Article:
President Donald Trump’s withdrawal from the Paris climate agreement isn’t nearly as much of a problem for the U.S. solar industry as Chinese trade practices, The Washington Post reported Friday.
Stiff competition from heavily subsidized Chinese-made solar panels is hurting U.S. solar panel makers. When compared to this issue, WaPo says that Trump’s withdrawal from the Paris Agreement is “seen as a lesser problem” by the industry.
“The majority of projects are economic- and not policy-driven at this point, so as the prices have gone down, installations have gone up,” Abigail Ross Hopper, the president and chief executive of Solar Energy Industries Association (SEIA), told WaPo. “I think that has more to do with tax policy than who was in the White House.”
WaPo notes that U.S. solar companies installed 2 gigawatts of new solar capacity, according to a Thursday report by SEIA.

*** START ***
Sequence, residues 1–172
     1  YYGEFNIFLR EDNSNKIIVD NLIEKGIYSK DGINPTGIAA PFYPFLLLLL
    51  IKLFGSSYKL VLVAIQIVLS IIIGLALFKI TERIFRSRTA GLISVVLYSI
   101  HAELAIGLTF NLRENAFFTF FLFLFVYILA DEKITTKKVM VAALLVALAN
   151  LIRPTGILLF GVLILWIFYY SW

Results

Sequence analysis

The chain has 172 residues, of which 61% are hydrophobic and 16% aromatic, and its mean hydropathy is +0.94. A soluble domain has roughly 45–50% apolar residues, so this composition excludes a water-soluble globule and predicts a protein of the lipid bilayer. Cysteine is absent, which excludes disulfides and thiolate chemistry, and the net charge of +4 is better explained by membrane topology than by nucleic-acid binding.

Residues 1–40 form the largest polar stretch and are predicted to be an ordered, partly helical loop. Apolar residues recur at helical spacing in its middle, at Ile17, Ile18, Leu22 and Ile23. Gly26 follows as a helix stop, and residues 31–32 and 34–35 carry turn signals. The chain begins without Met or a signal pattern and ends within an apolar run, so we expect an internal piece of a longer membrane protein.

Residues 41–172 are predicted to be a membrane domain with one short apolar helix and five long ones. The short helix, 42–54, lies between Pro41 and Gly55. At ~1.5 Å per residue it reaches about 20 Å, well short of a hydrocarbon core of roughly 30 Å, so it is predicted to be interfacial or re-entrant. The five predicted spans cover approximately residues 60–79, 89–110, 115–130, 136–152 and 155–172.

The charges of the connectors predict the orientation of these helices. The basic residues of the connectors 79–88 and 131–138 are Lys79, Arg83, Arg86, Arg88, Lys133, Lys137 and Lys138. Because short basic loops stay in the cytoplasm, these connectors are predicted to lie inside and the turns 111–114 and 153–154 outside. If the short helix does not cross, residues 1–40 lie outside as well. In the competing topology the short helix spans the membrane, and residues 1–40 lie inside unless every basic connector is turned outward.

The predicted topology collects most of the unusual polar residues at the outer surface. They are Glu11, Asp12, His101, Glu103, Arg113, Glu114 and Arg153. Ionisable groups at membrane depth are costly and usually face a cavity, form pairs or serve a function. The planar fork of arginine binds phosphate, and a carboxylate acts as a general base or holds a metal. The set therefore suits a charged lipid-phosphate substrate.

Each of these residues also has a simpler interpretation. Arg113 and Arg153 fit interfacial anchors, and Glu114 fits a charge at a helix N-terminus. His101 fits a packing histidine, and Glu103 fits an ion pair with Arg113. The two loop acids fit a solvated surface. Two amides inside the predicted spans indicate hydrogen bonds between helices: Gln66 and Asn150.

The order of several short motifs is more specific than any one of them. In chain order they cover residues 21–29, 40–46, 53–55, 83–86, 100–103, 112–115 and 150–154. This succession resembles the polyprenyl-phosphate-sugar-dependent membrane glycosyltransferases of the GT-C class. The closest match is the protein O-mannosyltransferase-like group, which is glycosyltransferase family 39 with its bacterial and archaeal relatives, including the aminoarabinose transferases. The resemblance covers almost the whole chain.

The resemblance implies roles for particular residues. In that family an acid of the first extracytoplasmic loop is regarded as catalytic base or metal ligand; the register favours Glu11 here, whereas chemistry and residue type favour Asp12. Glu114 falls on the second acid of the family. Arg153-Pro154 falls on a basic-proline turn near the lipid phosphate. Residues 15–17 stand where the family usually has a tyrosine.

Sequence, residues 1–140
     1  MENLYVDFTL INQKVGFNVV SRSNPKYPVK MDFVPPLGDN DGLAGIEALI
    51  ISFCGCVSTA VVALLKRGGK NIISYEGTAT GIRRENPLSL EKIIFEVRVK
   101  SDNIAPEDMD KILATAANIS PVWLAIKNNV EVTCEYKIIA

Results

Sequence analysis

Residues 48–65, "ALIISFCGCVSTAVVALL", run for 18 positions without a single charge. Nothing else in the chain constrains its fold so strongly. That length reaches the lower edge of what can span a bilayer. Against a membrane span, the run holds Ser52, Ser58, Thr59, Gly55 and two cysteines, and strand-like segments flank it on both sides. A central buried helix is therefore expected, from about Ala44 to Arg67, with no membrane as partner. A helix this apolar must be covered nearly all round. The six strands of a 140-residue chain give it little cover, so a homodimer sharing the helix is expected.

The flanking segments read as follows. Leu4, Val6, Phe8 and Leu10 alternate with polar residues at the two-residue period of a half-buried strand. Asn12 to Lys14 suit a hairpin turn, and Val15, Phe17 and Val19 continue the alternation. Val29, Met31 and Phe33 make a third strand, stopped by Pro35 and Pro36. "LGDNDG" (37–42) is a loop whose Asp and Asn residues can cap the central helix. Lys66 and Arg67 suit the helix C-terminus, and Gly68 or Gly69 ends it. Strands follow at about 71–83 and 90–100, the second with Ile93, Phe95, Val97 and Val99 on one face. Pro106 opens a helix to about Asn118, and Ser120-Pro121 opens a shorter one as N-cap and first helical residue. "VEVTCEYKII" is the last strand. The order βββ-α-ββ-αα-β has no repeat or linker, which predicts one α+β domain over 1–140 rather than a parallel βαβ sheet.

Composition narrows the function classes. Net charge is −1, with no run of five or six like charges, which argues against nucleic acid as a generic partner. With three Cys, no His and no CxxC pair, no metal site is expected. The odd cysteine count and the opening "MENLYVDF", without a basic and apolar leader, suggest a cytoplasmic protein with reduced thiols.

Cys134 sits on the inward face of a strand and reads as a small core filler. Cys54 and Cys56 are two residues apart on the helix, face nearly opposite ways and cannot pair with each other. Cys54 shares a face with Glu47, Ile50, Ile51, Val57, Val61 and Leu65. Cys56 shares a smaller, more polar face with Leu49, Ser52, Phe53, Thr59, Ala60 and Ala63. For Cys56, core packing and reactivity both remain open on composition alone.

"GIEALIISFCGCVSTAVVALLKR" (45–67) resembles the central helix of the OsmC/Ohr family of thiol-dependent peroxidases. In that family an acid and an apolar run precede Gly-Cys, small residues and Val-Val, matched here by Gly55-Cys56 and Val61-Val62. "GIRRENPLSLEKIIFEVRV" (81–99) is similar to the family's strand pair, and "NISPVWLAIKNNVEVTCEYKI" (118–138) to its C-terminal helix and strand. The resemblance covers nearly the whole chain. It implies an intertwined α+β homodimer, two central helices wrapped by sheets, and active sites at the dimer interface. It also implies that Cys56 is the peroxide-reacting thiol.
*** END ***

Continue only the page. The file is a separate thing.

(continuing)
The April bankruptcy of the solar company Suniva has largely been blamed on Chinese competition, not a lack of taxpayer support. Suniva received about $20 million in support from federal and state taxpayers and a federal tax credit worth $5.7 million as part of the American Recovery and Reinvestment Act, according to the Atlanta Journal-Constitution.
The U.S. International Trade Commission agreed to take up Suniva’s case that Chinese solar subsidies were an attempt to circumvent U.S. tariffs by shifting production to factories in other countries.
China is out-competing U.S. solar companies because it offers heavy subsidies in addition to a low-wage workforce. The country spent more than $80 billion on green energy in 2014 alone, while the US spent $34 billion, according to the International Energy Agency.
Solar power currently provides 0.9 percent of all electricity generated in the U.S., according to the federal Energy Information Administration.
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